I was never personally interested in the American Civil War until I joined a reenactment unit and started going out to events. Even then, I was fine with just talking about the home front and staying far, far away from the intricacies of the military and battle histories that so many of my male compatriots spent their time on. However, the more I learned in the hobby, the more I realized my disinterest in most things about the Civil War was because the focus was men doing men things. Don’t get me wrong, the men were important and their stories are harrowing and necessary to keep alive. But for me, the key to opening Pandora’s box of interest was learning about how much women were doing during those five years. After being inspired by Liar Temptress Solider Spy, I’ve made it my personal mission to bring women’s history to this very male hobby in an accessible way that will help the (mostly white/male/cis/over 50) patrons take an interest in more than “Gen. So-&-So marched his troops…..”
I’ve begun putting together some research on the facets of female contribution and started with women soldiers. They Fought Like Demons: Women Soldiers in the American Civil War was a good basic book to start with. It wasn’t the deep dive I was hoping for after reading Karen Abbott, but it does a decent job of giving an overview of just how common women soldiers were. Published in 2002, some of this information is probably already outdated, but Blanton and Cook rely heavily on primary source documentation, era newspapers, and corroborated research. Their bibliography and notes pages are an astounding collection that I’ll definitely be looking into for further reading.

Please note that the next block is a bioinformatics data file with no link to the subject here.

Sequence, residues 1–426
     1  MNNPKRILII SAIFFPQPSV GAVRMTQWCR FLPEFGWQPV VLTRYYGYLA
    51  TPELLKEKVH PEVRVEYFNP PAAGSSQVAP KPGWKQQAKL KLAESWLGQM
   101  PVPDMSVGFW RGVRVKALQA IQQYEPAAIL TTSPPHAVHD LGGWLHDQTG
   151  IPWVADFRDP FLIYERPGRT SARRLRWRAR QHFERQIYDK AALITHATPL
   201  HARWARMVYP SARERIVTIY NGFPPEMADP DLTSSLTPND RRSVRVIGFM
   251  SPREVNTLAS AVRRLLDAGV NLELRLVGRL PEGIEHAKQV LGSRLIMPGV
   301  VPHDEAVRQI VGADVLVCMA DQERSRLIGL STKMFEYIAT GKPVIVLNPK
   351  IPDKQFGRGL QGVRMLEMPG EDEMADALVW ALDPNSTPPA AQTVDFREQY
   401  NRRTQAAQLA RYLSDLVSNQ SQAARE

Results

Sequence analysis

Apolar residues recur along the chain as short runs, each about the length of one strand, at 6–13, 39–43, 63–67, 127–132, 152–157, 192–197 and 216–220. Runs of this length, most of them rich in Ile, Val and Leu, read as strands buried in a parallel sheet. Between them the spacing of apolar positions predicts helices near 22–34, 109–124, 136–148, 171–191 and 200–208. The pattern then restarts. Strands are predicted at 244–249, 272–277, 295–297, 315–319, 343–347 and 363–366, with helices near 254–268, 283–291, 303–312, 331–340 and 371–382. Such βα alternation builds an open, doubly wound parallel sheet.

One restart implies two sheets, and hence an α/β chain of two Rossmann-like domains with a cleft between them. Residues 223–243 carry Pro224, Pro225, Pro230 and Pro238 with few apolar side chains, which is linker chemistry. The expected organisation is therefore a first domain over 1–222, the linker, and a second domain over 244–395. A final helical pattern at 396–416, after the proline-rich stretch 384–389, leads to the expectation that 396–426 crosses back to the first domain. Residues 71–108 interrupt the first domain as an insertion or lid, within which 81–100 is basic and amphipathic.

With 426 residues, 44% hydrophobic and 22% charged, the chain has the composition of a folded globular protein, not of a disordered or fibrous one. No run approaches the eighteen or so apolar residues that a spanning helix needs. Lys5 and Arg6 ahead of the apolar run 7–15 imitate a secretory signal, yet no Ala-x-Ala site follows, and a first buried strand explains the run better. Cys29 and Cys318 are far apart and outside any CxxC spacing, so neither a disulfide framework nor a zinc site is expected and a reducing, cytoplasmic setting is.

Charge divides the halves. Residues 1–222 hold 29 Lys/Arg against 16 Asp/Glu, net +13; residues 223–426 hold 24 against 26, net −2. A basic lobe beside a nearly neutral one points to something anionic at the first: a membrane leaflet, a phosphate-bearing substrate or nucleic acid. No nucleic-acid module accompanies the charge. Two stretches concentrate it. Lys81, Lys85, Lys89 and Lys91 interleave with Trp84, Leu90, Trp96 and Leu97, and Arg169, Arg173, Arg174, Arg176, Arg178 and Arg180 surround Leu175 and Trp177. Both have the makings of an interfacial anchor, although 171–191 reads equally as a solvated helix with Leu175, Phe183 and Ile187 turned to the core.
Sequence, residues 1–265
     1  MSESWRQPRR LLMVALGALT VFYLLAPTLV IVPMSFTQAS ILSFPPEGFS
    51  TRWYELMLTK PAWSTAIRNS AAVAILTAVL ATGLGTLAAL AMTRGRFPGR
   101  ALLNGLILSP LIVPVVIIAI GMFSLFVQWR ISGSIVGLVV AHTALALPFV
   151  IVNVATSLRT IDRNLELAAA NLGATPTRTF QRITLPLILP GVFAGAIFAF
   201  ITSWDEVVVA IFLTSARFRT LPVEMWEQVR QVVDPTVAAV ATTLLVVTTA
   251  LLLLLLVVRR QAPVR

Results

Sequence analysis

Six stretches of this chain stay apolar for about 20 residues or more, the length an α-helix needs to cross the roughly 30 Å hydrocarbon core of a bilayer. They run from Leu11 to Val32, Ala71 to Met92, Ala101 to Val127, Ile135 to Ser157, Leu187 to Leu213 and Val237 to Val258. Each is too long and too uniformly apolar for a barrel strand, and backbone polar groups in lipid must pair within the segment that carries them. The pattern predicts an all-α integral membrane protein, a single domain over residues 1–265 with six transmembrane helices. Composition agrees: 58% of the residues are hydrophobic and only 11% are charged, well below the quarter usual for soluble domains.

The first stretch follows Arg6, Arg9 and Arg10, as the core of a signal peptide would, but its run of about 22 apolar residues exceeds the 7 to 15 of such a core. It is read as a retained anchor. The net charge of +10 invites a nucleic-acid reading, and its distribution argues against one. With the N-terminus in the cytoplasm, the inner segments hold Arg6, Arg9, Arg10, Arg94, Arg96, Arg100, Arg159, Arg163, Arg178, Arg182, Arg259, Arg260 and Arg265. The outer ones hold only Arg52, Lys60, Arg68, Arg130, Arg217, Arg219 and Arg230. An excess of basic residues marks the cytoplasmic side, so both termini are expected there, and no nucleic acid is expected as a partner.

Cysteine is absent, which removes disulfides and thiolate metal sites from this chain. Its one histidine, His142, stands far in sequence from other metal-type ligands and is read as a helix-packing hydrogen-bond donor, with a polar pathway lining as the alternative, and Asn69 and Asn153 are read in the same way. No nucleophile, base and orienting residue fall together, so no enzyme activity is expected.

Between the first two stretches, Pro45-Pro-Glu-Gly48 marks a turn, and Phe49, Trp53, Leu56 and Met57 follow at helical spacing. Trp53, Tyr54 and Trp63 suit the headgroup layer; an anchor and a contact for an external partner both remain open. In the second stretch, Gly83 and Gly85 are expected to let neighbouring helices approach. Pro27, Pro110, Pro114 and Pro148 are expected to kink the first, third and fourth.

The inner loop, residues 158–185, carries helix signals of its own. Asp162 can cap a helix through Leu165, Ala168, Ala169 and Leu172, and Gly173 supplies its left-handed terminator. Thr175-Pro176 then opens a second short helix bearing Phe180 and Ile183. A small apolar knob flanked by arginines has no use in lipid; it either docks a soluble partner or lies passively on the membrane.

The language of the book itself feels a bit rushed, like they’re trying to pack as much information as possible into a short space, and while it does its job in giving a decent view of the many different ways that female soldiers contributed to the war effort, I would have liked this book to have been a little more focused. I get that most of their research involves a line or two about a woman in this regiment or that regiment, but the thesis of the book isn’t as clear as it could be. It felt more like a general survey, and much of their information is repeated from chapter to chapter. They do spend quite a bit of time on Emma Edmonds, who Karen Abbott does a deep dive on, and southerner, Loreta Velazquez, who reminds me of an older Belle Boyd. But Albert Cashier – a woman who lived as a man most of her adult life and wasn’t discovered to be female until she was well into her 70s, was the most interesting thing about this book. Through Cashier’s story, Blanton and Cook scratch the surface of the gender spectrum and begin to question whether or not Cashier was trans. Most of Cashier’s own memoirs are jumbled and the stories are at odds depending on who she told them to, but in the time she was living, there wasn’t anything definitive. However, I was happy to find Cashier’s story was included most deeply of all the people discussed in the book, and I’ll be looking to see what else can be found about 19th century gender in this time period.
If you’re looking for a general survey or intro to women in the Civil War, They Fought Like Demons isn’t a bad start, but it’s definitely not much more than an open door and other books will need to be found to get the deep dive.